The area lacks convenient facilities and it’s pretty far off from the city. Regardless of that, what’s the good part about living here?

I'm always surrounded by the sun and the sounds of nature so my body and eyes feel refreshed at all times. When I return home from my studio, I blankly stare at the moving clouds. I never watched them this long before I came here. These days I see all sorts of wild vegetables like butterburs growing around my house. I think this kind of nature-friendly(natural) daily life is what makes life serene and comfortable.

What’s the biggest change after moving to the outskirts of the city?

Realizing this place could be my last studio in life, it makes me feel very warm inside. And the confidence of being the owner of my own space kind of melts into my work. My plan is to work until 85 and after that move to a special town for the elderly that’s run by the Mirinae Cathedral. I wish to stay close to soil and my studio until my last moment.

We get the sense that you consider it important to present how your works are in good use in real life.

When I was on a break after injuring my arm, I attended a cooking class. There, I was able to come up with a lot of ideas on how to integrate my works into our daily lives, usefully. When I invite guests over, I often serve them humble dish made with seasonal ingredients. I’d someday like to open a ceramist’s kitchen program that introduces food served in my plates. A lot of the galleries and exhibitions present ceramic dishware as an objet, but I’d like a space that displays them right, served with real food. I’m actually running an open studio once every two years in order to introduce to people how my works are applied in a space that’s alive and not artificial. The last one was already my 7th open studio.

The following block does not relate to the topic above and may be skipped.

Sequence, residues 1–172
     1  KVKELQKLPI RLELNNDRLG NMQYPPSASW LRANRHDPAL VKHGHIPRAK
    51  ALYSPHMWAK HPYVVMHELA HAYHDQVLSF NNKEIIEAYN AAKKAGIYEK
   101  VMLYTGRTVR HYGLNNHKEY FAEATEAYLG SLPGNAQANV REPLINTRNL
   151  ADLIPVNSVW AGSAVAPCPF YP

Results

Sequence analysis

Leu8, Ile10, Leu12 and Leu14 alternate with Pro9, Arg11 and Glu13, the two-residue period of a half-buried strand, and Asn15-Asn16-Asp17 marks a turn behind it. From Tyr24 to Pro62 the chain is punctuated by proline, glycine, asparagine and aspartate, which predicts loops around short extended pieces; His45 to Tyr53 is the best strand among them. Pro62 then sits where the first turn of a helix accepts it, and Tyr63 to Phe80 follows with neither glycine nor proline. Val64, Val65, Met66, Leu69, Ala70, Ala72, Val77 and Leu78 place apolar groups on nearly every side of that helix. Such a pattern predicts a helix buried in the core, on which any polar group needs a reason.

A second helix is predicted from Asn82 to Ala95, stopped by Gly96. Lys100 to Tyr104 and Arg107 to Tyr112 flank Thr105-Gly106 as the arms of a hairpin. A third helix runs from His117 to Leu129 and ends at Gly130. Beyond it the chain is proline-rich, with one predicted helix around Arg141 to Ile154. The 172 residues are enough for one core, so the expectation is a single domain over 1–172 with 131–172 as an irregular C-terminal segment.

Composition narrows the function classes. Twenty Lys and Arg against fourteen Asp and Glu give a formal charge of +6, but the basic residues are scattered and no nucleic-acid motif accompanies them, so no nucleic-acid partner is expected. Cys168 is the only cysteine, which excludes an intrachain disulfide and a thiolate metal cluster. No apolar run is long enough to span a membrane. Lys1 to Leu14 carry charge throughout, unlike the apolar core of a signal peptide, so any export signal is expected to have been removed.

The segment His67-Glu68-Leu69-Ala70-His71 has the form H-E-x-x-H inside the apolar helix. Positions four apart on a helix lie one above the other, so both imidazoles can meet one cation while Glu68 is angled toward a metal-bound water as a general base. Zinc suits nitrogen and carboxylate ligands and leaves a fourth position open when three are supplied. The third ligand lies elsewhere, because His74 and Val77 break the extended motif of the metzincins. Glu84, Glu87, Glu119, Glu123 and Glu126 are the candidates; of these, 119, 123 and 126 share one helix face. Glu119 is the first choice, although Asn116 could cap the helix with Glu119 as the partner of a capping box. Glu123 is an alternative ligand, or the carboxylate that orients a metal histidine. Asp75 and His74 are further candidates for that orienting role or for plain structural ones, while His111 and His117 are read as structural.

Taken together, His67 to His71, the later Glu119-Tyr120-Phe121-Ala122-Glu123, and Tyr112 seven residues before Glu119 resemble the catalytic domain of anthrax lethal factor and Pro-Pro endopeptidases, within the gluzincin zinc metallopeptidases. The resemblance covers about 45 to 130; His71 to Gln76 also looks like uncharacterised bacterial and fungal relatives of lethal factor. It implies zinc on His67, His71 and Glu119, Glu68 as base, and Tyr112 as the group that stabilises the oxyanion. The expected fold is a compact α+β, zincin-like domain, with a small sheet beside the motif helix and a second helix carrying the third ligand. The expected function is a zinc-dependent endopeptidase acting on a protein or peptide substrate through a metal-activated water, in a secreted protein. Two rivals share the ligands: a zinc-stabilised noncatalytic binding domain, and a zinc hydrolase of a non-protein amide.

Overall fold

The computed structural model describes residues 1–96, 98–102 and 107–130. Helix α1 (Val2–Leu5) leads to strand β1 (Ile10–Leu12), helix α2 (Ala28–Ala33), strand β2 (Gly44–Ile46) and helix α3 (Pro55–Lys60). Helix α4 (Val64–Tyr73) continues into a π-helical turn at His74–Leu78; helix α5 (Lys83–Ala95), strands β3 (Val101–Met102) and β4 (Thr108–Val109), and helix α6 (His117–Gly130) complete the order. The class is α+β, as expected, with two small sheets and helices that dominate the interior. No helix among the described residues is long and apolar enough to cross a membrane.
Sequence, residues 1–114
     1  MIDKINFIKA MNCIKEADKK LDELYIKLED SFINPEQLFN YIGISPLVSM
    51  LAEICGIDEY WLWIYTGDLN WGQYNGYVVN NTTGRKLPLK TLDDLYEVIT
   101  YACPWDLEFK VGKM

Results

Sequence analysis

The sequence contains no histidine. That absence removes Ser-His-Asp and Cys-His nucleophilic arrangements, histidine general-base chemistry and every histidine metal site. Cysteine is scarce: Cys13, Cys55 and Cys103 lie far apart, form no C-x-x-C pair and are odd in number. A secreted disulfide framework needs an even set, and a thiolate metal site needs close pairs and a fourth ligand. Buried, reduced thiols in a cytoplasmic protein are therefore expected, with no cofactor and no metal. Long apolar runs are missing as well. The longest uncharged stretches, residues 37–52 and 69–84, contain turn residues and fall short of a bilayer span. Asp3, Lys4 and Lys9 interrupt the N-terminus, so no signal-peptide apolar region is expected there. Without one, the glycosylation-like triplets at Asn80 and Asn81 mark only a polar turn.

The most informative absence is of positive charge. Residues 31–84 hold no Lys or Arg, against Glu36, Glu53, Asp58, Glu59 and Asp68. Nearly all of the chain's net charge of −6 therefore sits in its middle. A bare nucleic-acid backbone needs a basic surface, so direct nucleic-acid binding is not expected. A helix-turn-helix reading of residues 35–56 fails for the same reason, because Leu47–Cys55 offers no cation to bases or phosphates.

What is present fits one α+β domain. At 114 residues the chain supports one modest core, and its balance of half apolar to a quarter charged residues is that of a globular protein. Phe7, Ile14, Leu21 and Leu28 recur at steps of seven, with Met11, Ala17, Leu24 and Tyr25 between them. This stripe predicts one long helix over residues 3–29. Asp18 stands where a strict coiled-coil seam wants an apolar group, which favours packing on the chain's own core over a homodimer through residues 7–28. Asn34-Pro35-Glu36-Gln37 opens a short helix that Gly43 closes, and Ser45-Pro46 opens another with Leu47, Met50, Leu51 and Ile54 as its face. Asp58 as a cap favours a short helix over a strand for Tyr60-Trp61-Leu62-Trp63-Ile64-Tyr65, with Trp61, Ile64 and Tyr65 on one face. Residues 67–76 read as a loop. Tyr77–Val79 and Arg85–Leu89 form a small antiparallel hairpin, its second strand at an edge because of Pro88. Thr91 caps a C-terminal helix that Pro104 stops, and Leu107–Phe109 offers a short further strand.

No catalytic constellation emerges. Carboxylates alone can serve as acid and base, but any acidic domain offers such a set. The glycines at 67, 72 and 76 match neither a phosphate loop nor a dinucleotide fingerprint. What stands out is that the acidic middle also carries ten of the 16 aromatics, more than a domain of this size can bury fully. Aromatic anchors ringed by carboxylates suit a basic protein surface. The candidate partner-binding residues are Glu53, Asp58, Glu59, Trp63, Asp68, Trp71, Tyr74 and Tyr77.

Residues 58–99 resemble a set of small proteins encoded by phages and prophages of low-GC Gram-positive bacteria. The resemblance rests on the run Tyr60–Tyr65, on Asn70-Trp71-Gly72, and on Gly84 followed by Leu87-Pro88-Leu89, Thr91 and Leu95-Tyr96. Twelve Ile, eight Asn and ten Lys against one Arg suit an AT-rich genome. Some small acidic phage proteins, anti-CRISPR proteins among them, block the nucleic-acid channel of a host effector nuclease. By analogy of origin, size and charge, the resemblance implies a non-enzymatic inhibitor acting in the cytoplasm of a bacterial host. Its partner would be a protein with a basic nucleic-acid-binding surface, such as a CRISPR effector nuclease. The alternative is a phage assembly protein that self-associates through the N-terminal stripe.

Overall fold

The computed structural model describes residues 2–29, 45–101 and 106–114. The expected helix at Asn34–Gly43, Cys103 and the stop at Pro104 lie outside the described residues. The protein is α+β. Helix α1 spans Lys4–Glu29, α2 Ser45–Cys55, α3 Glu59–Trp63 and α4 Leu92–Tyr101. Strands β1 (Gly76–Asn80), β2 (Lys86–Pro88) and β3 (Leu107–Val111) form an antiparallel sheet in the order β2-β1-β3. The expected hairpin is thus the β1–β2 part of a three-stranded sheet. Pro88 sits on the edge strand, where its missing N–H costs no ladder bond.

You work alone. Could you share us your typical day?

From 9am to 5pm I’m at my studio. I recently watched a movie about an everyday life in a monastery called <Into Great Silence>. Life in a monastery sounds like there’s no variation in life. But after the movie, my repetitive days that go by the same cycle suddenly felt very special. And the next day, when I put on my workwear and apron, I realized that living with soil, the earth, makes this simple, recurring, somewhat tedious life extremely noble.

Is there a lifestyle you seek?

I think being natural is really important. And I think this spontaneity roots from sincerity and solicitude. Dishware these days are too nice and shiny itself without a room to serve food in them. Dishware should be complete once it’s served with food but today, it seems as if the artists pour all of their charms into their works. It applies to all living goods, materials, food, ceramics…everything has to take into consideration the final use and where it will be placed. Leaving some room for the actual user seems more natural to me.

RECOMMENDED PLACE

The Gyeongbokgung Area

161 Sajik-ro, Jongno-gu, Seoul
3 Gyeongbokgung

“I regularly visit the galleries around the Gyeongbokgung area to fulfill my curiosity on other ceramists like myself and their thoughts.”
 

With Gyeongbokgung in the center, Bukchon and Seochon are located on both sides. The Gyeongbokgung area is aligned with small and large cultural spaces, including the National Museum of Modern Art Seoul and private galleries. Consisted of neighborhoods Samcheong-dong, Tongui-dong, Sajik-dong and Hyoja-dong, the area offers a number of places to stop by such as old-fashioned tea houses, small bookstores and restaurants, which makes it ideal for gallery visits, short walks in between and a nice meal afterwards.